And that’s not all. Fluorocarbon leaders stretch less than the monofilament ones, which in turn means they have a higher sensitivity, allowing you to pick up on even the lightest of bites!
Plus, you can control the lure or bait a lot better.
The downside of fluorocarbon is that it is slightly pricier, and it’s harder to tie knots with it making it a bit more of a hassle to use.
But out of these two materials…which one is the best? Or which one should you be using?
That completely depends on your needs and your personal preferences.
Some anglers stick to one type, and others switch between them depending on the circumstance and the fishing needs of that moment.
Both types of fishing leaders have their own pros and cons, and it is about weighing these against the location and fish that you are after so that you have the best combination and chance of success!
Choosing the right fishing leader size
Another thing that you need to know about fishing leaders, is that they come in all sorts of sizes, and you need to be able to choose the right length so that they are useful to your setup.
But how on earth are you supposed to choose the right size? Again, we’ve got you covered.
As a general rule, fishing leaders tend to be between 13 inches to 30 inches in length.
However, the exact size of the fishing leader that you use should depend on the fish that you are after, your personal fishing style, and the layout of the water (aka the location in which you are fishing).
Fishing leaders that are on the longer side are usually best for long casts, as they will prevent the fishing line from getting tangled.
They are also suitable for catching fish with a stronger sense of eyesight, as longer fishing leaders will be better at concealing the fishing line so that it is hidden from the fish and the fish bites.
Fishing leaders that are on the shorter side, on the other hand, are better for shorter casts that are more precise and controlled, like when you are fishing from a small boat.
This is because you will control the lure a lot better, and it prevents you from accidentally hooking yourself!
Shorter fishing leaders are also great for fishing in areas that are heavily covered, as they will not be as likely to get tangled or stuck in seaweeds or any other items floating about in the water.
If you’re not quite sure of what length you need your fishing leader to be, then we recommend you go for one that is around 30 inches long.
The truth is, it is better to go too long than too short because you can always shorten a long fishing leader if need be, but you can’t exactly make a shorter one longer!
How to make your own fishing leader?
If you’re a fan of trying out DIY methods, and you don’t really want to have to buy a fishing leader…then why not make your own?
Yup, you can make your own fishing leader, and it isn’t really that hard! In fact, we’ll give you two different methods that you can try out for making your own fishing line, with everything that you need along with step-by-step instructions.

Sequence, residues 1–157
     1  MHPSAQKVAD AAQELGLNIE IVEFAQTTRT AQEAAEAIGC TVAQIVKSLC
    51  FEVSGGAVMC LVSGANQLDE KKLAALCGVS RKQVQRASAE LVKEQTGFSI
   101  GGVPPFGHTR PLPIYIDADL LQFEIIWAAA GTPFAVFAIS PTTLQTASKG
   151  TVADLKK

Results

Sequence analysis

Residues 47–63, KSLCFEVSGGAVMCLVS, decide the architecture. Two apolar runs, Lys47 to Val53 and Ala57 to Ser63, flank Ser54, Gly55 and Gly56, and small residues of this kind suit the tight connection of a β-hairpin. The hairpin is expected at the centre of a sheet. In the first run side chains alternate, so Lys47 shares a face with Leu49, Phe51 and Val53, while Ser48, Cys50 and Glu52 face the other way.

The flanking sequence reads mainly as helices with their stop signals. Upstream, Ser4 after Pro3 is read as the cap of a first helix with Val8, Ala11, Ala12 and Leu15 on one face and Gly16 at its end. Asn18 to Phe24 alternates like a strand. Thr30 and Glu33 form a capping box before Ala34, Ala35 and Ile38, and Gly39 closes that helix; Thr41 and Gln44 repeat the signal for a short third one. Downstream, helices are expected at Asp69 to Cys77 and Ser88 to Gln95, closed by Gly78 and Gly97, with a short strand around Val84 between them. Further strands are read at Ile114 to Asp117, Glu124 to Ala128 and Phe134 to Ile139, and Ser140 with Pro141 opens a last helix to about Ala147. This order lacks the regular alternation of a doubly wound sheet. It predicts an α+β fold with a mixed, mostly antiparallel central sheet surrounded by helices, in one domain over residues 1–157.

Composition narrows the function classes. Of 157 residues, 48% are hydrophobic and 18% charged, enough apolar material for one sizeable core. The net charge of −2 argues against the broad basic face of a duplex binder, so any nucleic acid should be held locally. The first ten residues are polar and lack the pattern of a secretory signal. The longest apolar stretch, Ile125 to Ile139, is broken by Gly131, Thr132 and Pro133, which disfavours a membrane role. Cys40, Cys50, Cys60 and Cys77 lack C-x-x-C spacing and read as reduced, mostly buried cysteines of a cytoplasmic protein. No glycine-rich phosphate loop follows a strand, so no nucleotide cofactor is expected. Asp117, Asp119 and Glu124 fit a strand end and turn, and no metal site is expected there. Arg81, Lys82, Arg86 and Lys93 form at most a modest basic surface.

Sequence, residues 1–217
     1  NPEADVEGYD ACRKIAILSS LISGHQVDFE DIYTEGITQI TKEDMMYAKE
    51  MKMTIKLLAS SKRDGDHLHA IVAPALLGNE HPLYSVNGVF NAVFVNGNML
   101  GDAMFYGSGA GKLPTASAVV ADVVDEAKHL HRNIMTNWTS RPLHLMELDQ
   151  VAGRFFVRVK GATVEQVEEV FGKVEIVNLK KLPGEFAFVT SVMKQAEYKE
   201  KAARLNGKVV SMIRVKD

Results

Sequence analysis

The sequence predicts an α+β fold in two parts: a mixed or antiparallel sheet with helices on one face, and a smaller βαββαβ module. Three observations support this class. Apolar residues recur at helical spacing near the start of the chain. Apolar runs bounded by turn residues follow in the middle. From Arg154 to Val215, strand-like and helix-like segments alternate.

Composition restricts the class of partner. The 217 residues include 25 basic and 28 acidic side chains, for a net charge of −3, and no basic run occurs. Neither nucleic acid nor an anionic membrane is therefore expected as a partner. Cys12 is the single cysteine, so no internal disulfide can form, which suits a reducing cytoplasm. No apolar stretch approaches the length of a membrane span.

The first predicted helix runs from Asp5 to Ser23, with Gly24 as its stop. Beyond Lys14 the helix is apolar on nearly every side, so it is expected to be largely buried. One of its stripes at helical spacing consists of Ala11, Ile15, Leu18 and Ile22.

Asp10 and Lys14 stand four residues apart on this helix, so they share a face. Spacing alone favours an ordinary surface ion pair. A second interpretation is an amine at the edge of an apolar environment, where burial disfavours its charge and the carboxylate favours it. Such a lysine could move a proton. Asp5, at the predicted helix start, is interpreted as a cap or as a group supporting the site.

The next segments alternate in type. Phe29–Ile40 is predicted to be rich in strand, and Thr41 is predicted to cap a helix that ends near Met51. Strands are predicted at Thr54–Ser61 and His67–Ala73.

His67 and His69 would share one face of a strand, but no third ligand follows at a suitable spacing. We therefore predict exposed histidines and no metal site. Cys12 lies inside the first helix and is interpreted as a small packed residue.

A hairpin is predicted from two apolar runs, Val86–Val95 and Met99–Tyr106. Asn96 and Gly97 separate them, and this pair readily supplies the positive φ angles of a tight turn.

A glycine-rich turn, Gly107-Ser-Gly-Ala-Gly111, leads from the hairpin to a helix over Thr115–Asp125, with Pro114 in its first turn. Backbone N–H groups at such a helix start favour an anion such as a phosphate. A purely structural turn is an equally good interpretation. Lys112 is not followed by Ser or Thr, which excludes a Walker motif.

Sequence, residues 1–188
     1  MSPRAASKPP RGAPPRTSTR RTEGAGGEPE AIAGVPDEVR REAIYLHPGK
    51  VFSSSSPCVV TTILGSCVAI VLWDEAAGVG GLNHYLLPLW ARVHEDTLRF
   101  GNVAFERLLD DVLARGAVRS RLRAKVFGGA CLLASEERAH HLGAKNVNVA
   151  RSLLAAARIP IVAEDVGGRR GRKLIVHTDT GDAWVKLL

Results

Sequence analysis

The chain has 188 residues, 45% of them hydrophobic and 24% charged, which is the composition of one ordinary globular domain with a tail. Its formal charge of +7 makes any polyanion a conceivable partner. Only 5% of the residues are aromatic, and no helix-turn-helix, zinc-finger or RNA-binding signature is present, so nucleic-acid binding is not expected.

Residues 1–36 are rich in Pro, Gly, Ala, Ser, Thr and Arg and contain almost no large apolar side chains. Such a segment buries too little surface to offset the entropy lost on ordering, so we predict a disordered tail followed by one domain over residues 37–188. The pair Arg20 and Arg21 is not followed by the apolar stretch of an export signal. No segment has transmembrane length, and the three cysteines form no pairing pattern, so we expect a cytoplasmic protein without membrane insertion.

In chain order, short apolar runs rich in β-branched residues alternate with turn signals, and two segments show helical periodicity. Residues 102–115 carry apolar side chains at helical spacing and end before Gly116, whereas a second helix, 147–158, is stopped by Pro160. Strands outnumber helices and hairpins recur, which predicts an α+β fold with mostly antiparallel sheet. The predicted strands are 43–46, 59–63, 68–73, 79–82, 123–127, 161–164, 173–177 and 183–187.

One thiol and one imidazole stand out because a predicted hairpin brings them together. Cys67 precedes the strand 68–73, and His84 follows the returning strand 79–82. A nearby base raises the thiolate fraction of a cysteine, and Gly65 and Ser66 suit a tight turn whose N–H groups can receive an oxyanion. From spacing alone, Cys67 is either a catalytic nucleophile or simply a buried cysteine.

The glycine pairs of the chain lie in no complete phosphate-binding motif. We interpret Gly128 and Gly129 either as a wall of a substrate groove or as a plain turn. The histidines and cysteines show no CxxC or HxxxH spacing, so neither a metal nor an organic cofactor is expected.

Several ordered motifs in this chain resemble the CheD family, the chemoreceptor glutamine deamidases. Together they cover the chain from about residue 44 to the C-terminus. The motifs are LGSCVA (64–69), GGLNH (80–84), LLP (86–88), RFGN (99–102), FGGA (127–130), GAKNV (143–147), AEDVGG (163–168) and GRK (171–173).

Let’s get into them!
You will need a spool of line and some clippers.
Here is how you do it:
- Start by cutting the leader to the desired length, out of the spool of line. (Make sure that you are leaving some spare length, in order to be able to tie the knots!)
- Tie the leader to your main fishing line, by using a line-to-line knot. You can do a double uni, or alternatively, a blood knot.
- Use the knot of your choice to tie the hook or lure to the leader, instead of tying it to the main fishing line, and you’re good to go!
This is a super simple method, straightforward and effective. However, as the leader is tied to the fishing line with a knot, they will twist together if the lure twists.
So it isn’t that professional of a result. Also, it means that if the fishing leader breaks, or needs to be replaced, you will have to cut a small bit of the main fishing line (as they are connected through a knot), and this is less than ideal.
But if you’re a beginner, or you want a quick method to have a fishing leader as an emergency of sorts, then this method is very practical and effective.
You will need a spool of line, some clippers, some connectors, swivels, and a set of crimpers.
Here is how to do it:
- Start by cutting the line to the length of your choosing, out of the spool of line. (Again, make sure you are leaving some spare length for tying knots!)
- Pass one end of the leader through the connector.
- Next, add a swivel to the end of the leader that you just passed through the connector. Then, pass the end through the connector again, so that you have a loop with the swivel inside.
- Grab the crimpers and squeeze the connector. However, be careful of the pressure you are applying, as you don’t want to accidentally cut the line!
- Repeat all of the above steps (from 2 to 4), on the other end of the line. This should end up being a leader with a swivel inside a loop at both ends.
- To finish off, tie the leader to the main fishing line with the use of a knot of your choosing. And you’re good to go!
This method, as you can see, is slightly more complicated than the first, so a beginner might struggle a little.
However, the main advantage of using this method, is that if the leader snaps or needs replacing, you simply replace it, no need to cut the main fishing line at all, which is something that should always be avoided if possible.
This method also prevents the line from twisting, and it allows the leader to be a lot stronger and a lot more useful.
So sure, it’s a little more complicated, but if you practice it a few times you’ll master it in no time, and it really is the better method!
Hopefully, this guide will help you understand all of the basics of fishing leaders: what they are, what they are for, how to choose the right one, and even how to make your own!
Fishing leaders have many advantages, and can always be used as part of your fishing setup, and to many anglers, they are an essential part of the gear.
Especially because they protect the fishing line, and they help conceal it to improve your success of actually catching some fish!